For the sixth time in just over a year, SpaceX has launched a Falcon 9 core on a third occasion, following Wednesday’s rousing 9:06 a.m. EST liftoff of the veteran B1051 booster, together with a sparkling-new second stage and the latest batch of 60 Starlink low-orbiting internet communications satellites.
Coming only a few days after the triumphant In-Flight Abort Test of the Crew Dragon spacecraft—whose success was tempered by the intentional destruction of the four-times-flown B1046 core—this latest flight is the third SpaceX launch of January and marks an impressive start to a busy 2020 manifest.
B1051 is a member of SpaceX’s upgraded Block 5 Falcon 9 fleet, characterized by uprared thrust on its Merlin 1D+ engine suite, strengthened landing legs, enhanced flight control systems and the capacity to withstand an intensified heating regime as it returns from higher-energy launches towards geostationary altitude. This particular booster core first saw service on 2 March 2019, when it lofted Demo-1 of the Crew Dragon into orbit from Pad 39A at the Kennedy Space Center (KSC), before returning to a smooth touchdown on the Autonomous Spaceport Drone Ship (ASDS) “Of Course I Still Love You”, in the Atlantic Ocean.
It was then refurbished for its second mission on 12 June, a mere 102 days later, where it delivered Canada’s Radarsat Constellation Mission (RCM) into orbit from Space Launch Complex (SLC)-4E at Vandenberg Air Force Base, Calif. B1051 returned from its second outing to achieve a picture-perfect “ground” touchdown on Landing Zone (LZ)-4 at Vandenberg, marking only the second occasion that a Falcon 9 core had successfully made landfall on the West Coast.
Original plans to fly this mission as early as Tuesday, 21 January, appeared to go well, with the Falcon 9 and its pre-integrated Starlink payload “stack” rolled horizontally out to Space Launch Complex (SLC)-40 at Cape Canaveral Air Force Station, Fla., one day prior. The nine Merlin 1D+ first-stage engines were static-fired that same day, although SpaceX expressed caution about attempting a launch the following morning. “Due to extreme weather in the recovery area,” the organization noted on Twitter late on the 20th, “team is evaluating best launch opportunity.” With crosswinds expected to reach 60 mph (96 km/h), the safety and stability implications both for the East Coast-based Autonomous Spaceport Drone Ship (ASDS), “Of Course I Still Love You”, and for the returning B1051 itself, were simply too significant for SpaceX to risk. Hopes of flying on Friday, 24 January, also came to nothing, so unfavorable were conditions in the recovery area, prompting a slip to Monday, 27 January.
And Monday had barely a 50-percent likelihood of acceptable weather. Unsurprisingly, with strong upper-level winds in the recovery area a primary concern, SpaceX announced that it was standing down from Monday’s attempt. “Now targeting Wednesday, January 29 at 9:06 a.m. for launch of Starlink,” it was noted, “due to poor weather in the recovery area.” Weather on Wednesday was predicted to improve dramatically to about 80-percent-favorable. “Weak high pressure will be in control of the weather across Florida today, as the next system in the active pattern moves across the northern Gulf of Mexico late tonight,” noted the 45th Weather Squadron in its L-1 briefing on Tuesday morning. “This system is expected to remain well west of the Spaceport during the launch window, with increasing high clouds overspreading the region. The main concern will be light easterly winds bringing onshore-moving low-level cumulus clouds.”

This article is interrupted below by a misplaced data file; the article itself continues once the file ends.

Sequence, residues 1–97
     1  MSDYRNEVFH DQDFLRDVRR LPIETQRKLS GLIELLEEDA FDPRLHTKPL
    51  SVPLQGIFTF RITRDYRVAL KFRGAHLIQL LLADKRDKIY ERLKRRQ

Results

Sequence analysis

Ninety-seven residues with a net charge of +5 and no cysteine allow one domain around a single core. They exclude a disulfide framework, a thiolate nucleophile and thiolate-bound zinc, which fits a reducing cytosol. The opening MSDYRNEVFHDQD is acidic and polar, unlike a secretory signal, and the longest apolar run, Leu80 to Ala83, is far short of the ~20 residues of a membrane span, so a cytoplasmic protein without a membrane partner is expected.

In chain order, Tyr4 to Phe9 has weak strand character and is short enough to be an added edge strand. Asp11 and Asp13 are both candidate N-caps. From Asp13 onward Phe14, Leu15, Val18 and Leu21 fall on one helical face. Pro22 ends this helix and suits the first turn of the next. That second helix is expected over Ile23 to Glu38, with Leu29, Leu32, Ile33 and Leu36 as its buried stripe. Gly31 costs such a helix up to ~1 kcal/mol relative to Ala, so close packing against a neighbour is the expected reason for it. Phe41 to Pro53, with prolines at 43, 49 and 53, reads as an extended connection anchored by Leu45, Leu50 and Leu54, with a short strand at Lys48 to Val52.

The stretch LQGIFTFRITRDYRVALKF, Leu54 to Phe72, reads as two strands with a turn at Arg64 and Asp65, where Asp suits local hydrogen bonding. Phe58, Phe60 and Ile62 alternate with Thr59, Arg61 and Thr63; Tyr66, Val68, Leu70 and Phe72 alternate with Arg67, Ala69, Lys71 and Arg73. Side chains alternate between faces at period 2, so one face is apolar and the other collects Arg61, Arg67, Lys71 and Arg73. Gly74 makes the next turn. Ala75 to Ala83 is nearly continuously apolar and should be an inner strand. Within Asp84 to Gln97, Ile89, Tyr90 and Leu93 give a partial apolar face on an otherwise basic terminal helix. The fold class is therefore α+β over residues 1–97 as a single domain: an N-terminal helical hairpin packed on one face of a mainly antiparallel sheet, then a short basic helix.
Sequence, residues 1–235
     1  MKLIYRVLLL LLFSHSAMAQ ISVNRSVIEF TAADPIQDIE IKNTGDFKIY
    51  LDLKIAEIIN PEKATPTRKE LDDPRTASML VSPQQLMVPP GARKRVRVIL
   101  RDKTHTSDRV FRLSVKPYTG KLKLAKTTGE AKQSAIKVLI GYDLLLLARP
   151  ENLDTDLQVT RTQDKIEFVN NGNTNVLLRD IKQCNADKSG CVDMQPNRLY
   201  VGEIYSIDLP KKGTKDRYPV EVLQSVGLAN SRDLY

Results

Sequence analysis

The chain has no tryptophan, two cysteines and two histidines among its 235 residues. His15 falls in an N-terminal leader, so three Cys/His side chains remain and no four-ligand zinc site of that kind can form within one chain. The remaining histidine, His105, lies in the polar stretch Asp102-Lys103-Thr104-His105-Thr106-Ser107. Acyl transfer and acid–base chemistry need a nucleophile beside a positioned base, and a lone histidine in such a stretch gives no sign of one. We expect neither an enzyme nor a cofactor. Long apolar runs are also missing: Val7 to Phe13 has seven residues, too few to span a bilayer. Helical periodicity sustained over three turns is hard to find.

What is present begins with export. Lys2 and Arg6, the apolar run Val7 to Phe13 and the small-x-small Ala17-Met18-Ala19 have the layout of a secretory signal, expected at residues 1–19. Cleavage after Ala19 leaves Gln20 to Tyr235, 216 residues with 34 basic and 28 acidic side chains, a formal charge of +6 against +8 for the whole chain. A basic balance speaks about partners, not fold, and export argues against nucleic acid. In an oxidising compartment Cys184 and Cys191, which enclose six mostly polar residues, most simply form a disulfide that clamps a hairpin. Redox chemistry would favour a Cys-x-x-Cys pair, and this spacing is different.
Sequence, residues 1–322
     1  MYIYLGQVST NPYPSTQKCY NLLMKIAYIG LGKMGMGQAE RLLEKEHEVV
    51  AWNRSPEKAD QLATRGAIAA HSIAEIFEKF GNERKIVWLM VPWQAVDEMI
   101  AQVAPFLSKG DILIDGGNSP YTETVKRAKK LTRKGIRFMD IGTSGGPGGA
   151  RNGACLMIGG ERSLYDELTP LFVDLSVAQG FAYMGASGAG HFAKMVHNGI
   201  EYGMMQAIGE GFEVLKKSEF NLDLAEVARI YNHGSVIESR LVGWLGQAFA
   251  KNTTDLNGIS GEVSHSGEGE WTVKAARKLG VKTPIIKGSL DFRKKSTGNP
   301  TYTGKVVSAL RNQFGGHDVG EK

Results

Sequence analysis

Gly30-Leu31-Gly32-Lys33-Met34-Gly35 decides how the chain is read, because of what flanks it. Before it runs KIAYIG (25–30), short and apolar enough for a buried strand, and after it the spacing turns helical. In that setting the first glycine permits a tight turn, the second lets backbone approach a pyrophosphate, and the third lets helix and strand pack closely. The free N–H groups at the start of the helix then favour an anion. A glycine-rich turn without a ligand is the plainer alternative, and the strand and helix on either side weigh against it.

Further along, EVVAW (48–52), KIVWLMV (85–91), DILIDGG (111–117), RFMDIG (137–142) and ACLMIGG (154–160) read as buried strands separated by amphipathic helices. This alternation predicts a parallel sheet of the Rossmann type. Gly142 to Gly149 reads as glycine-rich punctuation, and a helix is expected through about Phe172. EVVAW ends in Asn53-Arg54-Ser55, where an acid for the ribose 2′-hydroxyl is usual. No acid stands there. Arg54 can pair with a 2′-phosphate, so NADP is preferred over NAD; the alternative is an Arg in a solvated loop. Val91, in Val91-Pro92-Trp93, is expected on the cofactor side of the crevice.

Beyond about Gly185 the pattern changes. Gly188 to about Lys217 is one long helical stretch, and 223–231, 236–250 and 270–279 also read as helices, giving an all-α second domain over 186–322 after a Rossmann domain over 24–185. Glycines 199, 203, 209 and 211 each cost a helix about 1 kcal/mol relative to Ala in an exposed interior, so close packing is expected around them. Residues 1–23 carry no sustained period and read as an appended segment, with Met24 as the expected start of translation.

SpaceX pressed directly into Wednesday’s attempt with far greater optimism and fueling of the booster with liquid oxygen and highly refined rocket-grade kerosene (known as “RP-1”) began about 35 minutes prior to T-0. The Merlin 1D+ first-stage engines were chilled, ahead of ignition, and precisely at 9:06 a.m. EST they flared to life with a combined thrust of 1.5 million pounds (680,000 kg).
B1051 powered into the morning sky, becoming the sixth Falcon 9 to record as many as three launches. Its engines shut down as intended at 2.5 minutes into the ascent, separated and commenced a smooth return back to Earth, alighting on the deck of the ASDS. Meanwhile, the single Merlin 1D+ Vacuum engine of the Falcon 9’s second stage continued the push to orbit and at little over an hour after leaving SLC-40 the next batch of 60 Starlinks began their deployment process. Initial deployment occurred at an altitude of some 180 miles (290 km), with the Starlinks’ own ion-propulsion systems subsequently pushing them into their operational slots at about 340 miles (550 km) above Earth.
As January draws to its close, three missions in a little more than three weeks is an impressive start for SpaceX, which expects to fly more times in 2020 than in any previous year. President Gwynne Shotwell noted recently that she expects Starlink launches every two weeks—potentially achieving 24 missions, in itself a record, beating SpaceX’s current “personal best” of 21 flights, achieved in 2018—together with an already full manifest of other customers.
In addition to Starlink, SpaceX plans to fly the classified Air Force Space Command (AFSPC)-44 mission atop its mammoth Falcon Heavy, at least two Dragon cargo flights to the International Space Station (ISS)—including the first member of its CRS2 second-round Commercial Resupply Services contract with NASA—and the first humans ever to ride a Falcon 9 with the inaugural manned voyage of the Crew Dragon. Three Block III Global Positioning System (GPS) satellites and missions for Argentina, Turkey, South Korea and Germany are also manifested, although as is customary for SpaceX exact dates and times remain to be confirmed.